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Soundings in Medical History: Hazards of U.S. Medical Practice in the Past

CALS Encyclopedia of Arkansas Presents MONDAY MALADIES Speaker: William Lindsey, historian and author William D. Lindsey is a former academic and university administrator and the winner of the Booker Worthen Literary Prize for his book Fiat Flux: The Writings of Wilson R. Bachelor, Nineteenth-Century Country Doctor and Philosopher (2013). He has a PhD and MA in theology from University of St. Michael’s College, Toronto School of Theology; an MA in English from Tulane University; and a BA in English from Loyola University, New Orleans. He lives in Little Rock with his husband, Steve, and maintains the blog Bilgrimage. His most recent book, co-authored with William L. Russell and Mary L. Ryan and published in 2020, is A Family Practice: The…
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Cows, Contagion, and Conflict: Federal Efforts to Eradicate Tick Fever and Local Resistance in Arkansas History

CALS Encyclopedia of Arkansas Presents MONDAY MALADIES Speaker: Blake Perkins, associate professor of history and chair of the Department of History and Political Science at Williams Baptist University Blake Perkins is the author of Hillbilly Hellraisers: Federal Power and Populist Defiance in the Ozarks (2018) and editor of Yesterday Today: Life in the Ozarks (2020). Perkins is a member of the board of trustees of the Arkansas Historical Association. Register for Webinar About the Program Series With the COVID-19 pandemic having caused more than 100,000 deaths in the United States alone by the beginning of June 2020, many policy makers and others have looked to the past to understand how pandemics affect societies, allowing them to create strategies that can…
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National Health Care Community: Hot Springs National Park, Arkansas, 1921–1936

CALS Encyclopedia of Arkansas Presents MONDAY MALADIES Speaker: Janis K. Percefull, historian, author, educator, and public speaker Janis K. Percefull earned a BA in History at Ouachita Baptist University and a master’s in public history from the University of Arkansas at Little Rock. As a graduate student, she was awarded the UAMS History of Medicine Research Award (2001) and won the UALR Gender Studies Research Paper Contest (2003). Register for Webinar About the Program Series With the COVID-19 pandemic having caused more than 100,000 deaths in the United States alone by the beginning of June 2020, many policy makers and others have looked to the past to understand how pandemics affect societies, allowing them to create strategies that can ease…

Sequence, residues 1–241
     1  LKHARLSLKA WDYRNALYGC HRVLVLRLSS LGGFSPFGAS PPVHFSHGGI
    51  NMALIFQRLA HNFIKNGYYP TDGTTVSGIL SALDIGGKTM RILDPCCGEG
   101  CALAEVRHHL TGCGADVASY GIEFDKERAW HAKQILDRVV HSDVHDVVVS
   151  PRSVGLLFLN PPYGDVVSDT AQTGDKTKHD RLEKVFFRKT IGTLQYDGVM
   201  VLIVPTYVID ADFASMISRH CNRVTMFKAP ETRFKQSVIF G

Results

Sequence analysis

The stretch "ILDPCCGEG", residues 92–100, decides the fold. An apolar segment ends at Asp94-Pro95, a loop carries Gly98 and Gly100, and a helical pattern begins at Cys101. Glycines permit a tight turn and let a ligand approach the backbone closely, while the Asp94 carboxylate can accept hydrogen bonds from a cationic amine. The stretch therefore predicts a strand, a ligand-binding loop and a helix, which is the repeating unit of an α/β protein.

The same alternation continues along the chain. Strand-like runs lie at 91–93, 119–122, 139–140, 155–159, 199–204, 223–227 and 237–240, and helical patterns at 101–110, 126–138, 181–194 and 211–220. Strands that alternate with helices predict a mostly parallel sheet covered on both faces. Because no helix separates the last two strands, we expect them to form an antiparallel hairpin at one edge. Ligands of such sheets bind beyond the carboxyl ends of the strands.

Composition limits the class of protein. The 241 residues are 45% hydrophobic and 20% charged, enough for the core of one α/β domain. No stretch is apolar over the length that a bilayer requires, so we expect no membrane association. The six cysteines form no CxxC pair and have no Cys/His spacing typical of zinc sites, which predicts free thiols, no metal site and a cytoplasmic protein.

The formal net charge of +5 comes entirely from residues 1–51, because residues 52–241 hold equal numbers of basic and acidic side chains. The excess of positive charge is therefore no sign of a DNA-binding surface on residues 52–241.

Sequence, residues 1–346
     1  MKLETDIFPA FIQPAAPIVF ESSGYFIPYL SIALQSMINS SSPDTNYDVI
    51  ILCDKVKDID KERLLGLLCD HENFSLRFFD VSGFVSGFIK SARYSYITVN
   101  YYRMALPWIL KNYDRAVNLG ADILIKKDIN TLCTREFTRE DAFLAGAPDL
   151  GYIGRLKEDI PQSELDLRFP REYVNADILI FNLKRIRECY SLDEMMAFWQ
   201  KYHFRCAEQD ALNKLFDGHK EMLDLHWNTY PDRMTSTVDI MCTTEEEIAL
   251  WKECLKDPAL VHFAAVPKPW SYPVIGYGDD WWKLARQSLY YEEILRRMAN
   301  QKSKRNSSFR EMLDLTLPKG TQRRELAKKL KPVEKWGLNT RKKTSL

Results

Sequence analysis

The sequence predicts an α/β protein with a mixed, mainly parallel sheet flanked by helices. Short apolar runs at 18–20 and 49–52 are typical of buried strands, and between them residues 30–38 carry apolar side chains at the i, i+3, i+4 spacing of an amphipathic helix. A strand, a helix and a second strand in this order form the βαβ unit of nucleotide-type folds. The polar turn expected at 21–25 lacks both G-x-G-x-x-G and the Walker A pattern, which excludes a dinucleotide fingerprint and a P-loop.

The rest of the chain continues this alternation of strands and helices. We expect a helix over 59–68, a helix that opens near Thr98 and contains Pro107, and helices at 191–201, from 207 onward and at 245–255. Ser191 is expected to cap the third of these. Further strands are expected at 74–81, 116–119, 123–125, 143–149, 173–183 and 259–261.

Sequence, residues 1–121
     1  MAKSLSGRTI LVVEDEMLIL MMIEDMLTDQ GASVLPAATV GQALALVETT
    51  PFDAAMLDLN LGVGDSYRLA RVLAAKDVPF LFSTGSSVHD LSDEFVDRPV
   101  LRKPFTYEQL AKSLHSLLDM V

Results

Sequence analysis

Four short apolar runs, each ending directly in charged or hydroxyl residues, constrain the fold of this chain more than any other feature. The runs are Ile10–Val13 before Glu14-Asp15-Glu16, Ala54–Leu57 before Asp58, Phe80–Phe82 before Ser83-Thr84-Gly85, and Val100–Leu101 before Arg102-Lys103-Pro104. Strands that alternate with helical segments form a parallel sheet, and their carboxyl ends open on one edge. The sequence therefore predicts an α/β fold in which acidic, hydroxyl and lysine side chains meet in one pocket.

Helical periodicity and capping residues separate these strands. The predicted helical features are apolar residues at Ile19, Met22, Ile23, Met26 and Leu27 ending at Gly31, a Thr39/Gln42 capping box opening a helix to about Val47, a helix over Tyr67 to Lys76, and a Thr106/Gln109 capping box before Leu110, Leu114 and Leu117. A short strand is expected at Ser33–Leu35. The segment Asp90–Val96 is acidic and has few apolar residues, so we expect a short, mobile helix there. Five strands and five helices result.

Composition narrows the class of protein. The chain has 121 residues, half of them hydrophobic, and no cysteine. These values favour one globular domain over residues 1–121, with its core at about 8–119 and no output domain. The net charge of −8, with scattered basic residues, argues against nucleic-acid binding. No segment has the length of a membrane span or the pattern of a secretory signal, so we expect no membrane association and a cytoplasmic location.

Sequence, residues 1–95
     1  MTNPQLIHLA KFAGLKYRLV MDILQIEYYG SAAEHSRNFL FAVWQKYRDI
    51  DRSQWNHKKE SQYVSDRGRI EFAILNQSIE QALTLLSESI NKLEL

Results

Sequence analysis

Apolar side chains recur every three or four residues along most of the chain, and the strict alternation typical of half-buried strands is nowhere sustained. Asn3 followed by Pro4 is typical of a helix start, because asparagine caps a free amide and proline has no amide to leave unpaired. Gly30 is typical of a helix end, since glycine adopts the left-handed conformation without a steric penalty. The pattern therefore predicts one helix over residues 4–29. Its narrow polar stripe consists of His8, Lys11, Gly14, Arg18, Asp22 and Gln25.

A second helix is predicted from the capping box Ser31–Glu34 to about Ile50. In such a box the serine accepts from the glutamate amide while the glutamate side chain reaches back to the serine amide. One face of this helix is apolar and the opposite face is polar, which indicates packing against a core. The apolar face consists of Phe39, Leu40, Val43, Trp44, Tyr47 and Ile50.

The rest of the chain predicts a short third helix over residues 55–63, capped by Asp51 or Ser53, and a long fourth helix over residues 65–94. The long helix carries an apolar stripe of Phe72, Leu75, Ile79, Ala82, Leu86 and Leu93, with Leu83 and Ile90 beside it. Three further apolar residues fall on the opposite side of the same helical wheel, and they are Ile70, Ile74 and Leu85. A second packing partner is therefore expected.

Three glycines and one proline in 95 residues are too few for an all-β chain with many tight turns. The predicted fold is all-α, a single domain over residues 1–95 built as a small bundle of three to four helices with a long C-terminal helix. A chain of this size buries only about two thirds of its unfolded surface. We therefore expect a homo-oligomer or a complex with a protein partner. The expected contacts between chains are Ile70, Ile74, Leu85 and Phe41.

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Where Every Day Was Like a Tuesday: A History of the Arkansas Tuberculosis Sanatorium, 1910–1973

CALS Encyclopedia of Arkansas Presents MONDAY MALADIES Speaker: Rachel Patton, executive director of Preserve Arkansas Rachel Patton is a native of Farmington, Arkansas. She holds a BA in history/political science from Arkansas Tech University and a Master of Public Administration degree from the University of Arkansas in Fayetteville. With more than twelve years of experience working in historic preservation in Arkansas, she currently serves as executive director of Preserve Arkansas, the only statewide nonprofit advocate for the preservation of Arkansas’s historic places. Patton is vice president of the Arkansas Historical Association and serves on the boards of the Pulaski County Historical Society, Preservation Action, and Arkansas Women’s History Institute, as well as the advisory board for the Arkansas Tech University…
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